The Charge

The horn and the trumpet are ringing afar,
As the summons to battle is sounding;
And the steed, as he catches the signal of war,
In the pride of his spirit is bounding.
Shrill it echoes afar, over hill and o'er plain,
And the wide distant mountains repeat it again;
And the shout of the warrior, and nearer the song,
Peal aloud, as the glittering bands are hurrying along.
As on, on, on, on, pours the tide of fight,
Still aloft floats the tossing flag, in the glance of morning's light.

We leap to our saddles, we range us in line,
As the voice of the trumpet is calling.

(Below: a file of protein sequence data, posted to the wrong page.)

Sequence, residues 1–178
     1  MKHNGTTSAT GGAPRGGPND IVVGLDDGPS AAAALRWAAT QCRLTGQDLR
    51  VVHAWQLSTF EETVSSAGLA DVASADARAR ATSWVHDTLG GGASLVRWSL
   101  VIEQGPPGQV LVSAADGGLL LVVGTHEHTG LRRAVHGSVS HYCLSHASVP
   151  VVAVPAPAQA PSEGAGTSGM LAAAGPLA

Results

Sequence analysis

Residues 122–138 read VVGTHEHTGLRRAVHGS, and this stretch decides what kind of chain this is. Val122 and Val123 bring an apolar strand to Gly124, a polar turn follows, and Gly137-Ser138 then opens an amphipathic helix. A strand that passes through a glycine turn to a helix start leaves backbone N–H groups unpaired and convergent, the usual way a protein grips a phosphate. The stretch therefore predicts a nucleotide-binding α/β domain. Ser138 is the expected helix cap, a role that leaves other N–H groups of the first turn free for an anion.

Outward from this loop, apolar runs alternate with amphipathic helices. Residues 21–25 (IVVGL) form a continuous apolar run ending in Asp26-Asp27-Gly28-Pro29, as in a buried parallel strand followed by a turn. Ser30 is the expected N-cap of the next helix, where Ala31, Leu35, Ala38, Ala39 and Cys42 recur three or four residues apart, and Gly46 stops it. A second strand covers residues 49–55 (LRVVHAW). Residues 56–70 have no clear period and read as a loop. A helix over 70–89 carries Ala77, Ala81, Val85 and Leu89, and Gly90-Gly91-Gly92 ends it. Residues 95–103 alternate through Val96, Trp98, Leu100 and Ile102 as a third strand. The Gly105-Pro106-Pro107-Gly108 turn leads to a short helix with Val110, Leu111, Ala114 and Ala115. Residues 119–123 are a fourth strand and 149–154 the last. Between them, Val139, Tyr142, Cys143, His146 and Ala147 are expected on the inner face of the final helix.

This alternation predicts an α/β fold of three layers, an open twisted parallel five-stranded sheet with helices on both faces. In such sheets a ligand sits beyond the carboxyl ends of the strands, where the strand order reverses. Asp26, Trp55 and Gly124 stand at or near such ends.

O'er the crown of yon ridge, bright their drawn sabres shine;
Down its slope, like a flood, they are falling.
“Give the spur,—to the charge,—ere the foeman is nigh:
Rush amain, as the forest rings loud with your cry:
Speed on to the shock, in his midway career,—
For our sires still were first in fight; they never thought of fear!”
So on, on, on, on, o'er the sounding plain,
To the wild conflict fierce they rush, and together dash amain.
Rate this poem: 


No reviews yet.